By Jane Lampman
The Christian Science Monitor
Can the ‘spiritual DNA’ of a community be altered?” That’s the question posed in a Christian video called “Transformations.”
Kenyan pastor Thomas Muthee is convinced that it can be. In 1988, he and his wife, Margaret, were “called by God to Kiambu,” a notorious, violence-ridden suburb of Nairobi and a “ministry graveyard” for churches for years. They began six months of fervent prayer and research.
Pondering the message of Eph.6:12 (“For we wrestle not against flesh and blood, but against principalities, against powers, against the rulers of the darkness of this world…”), they prayed to identify the source of Kiambu’s spiritual oppression, Mr. Muthee says. Their answer: the spirit of witchcraft.
Their research into the community revealed that a woman called “Mama Jane” ran a “divination clinic” frequented by the town’s most powerful people.
After months of prayer, Muthee held a crusade that “brought about 200 people to Christ.” Their church in the basement of a grocery store was dubbed “The Prayer Cave,” as members set up round-the-clock intercession. Mama Jane counterattacked, he says, but eventually “the demonic influence – the ‘principality’ over Kiambu – was broken,” and she left town.
The atmosphere changed dramatically: Bars closed, the crime rate dropped, people began to move to the area, and the economy took an upturn. The church now has 5,000 members, he says, and 400 members meet to pray daily at 6 a.m.
From just such experiences, a global movement of evangelicals has developed over the past decade that seeks to free cities and neighborhoods from social scourges even as it “takes them for God.”
Through “spiritual warfare” and an in-depth research effort called “spiritual mapping,” they aim to bring people to Christ and, in their words, “break spiritual strongholds” holding communities in their grip, whether they be vices, “false religions,” or “territorial spirits.”
The more aggressive, potentially confrontational aspects of these practices raise concerns within and beyond the evangelical community.
C. Peter Wagner, head of Global Harvest Ministries in Colorado Springs, Colo., is in the vanguard of the movement. He defines three levels of spiritual warfare: “Ground-level” involves casting demons out of individuals; “occult-level warfare” involves more organized “powers of darkness” [They target here New Age thought, Tibetan Buddhism, Freemasonry, etc.]; and “strategic-level warfare” directly “confronts ‘territorial spirits’ assigned by Satan to coordinate activities over a geographical area.”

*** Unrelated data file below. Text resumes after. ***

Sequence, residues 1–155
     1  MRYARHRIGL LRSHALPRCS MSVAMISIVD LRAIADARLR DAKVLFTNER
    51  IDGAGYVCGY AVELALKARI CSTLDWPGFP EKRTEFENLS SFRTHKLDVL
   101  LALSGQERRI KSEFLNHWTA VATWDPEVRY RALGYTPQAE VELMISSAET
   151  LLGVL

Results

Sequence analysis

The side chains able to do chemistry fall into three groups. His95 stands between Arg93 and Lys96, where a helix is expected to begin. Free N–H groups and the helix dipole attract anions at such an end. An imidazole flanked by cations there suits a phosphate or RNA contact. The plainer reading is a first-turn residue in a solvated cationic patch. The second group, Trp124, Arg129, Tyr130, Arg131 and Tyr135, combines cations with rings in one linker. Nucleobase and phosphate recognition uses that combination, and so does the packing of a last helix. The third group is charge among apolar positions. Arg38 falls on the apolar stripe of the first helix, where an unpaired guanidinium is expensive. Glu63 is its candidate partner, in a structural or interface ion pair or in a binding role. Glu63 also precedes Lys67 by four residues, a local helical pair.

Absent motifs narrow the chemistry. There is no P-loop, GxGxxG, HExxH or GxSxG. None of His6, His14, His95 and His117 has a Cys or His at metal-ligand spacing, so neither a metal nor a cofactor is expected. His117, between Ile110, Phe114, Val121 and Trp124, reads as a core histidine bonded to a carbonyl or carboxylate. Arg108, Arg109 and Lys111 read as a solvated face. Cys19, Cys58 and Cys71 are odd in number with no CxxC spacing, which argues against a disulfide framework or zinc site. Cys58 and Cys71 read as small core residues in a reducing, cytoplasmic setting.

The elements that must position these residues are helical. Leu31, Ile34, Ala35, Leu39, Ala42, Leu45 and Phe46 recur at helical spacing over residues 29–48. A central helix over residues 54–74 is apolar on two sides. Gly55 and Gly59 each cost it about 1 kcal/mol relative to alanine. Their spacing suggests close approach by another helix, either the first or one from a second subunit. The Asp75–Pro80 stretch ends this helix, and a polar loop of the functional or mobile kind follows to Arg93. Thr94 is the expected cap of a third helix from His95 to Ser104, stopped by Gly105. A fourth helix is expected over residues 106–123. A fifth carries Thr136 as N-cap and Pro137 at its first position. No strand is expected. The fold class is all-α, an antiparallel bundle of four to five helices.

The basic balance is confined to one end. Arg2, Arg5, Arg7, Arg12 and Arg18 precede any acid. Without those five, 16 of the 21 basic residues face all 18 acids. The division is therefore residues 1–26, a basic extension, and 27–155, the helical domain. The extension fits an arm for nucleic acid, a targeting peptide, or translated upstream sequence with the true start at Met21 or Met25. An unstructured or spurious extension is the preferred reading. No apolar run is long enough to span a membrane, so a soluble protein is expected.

Spiritual warfare has been practiced most vigorously in other countries – particularly in Latin America and Africa – where the idea of demons has greater parlance. But its influence is growing in the United States, along with spiritual mapping.
Even as conferences on the subject attract larger numbers, these practices serve as a source of controversy. Among evangelicals, some question how much of a biblical basis there is, and just how far such prayer should go.
“A lot of people in the conservative camp say Scripture is fairly unclear about how aggressive one is to be, particularly in praying directly against demons or territorial spirits,” says Jonathan Graf, editor of Pray! magazine. “They say, ‘Just pray to God.’ But more charismatic believers say, ‘Scripture says we have all authority in Christ and can come against principalities and spirits, and we need to do that.’ ”
Mapping is the research tool – “the discipline of diagnosing the obstacles to revival,” and it answers the questions: “What is wrong with my community? Where did the problem come from? What can be done to change things?” says George Otis Jr. Mr. Otis, president of The Sentinel Group, in Seattle, produced the “Transformations” video and has written a handbook on mapping: “Informed Intercession: Transforming Your Community Through Spiritual Mapping and Strategic Prayer.”
He has visited cities worldwide and offers pastors a road map, including questions on the spiritual history and dynamics of their cities. They should gather, for example, detailed information on the status of Christianity, prevailing “social bondages,” historical events that caused trauma, predominant philosophies and religions, and human groups and demonic powers that pose spiritual opposition.
Otis points to vivid examples in the Americas: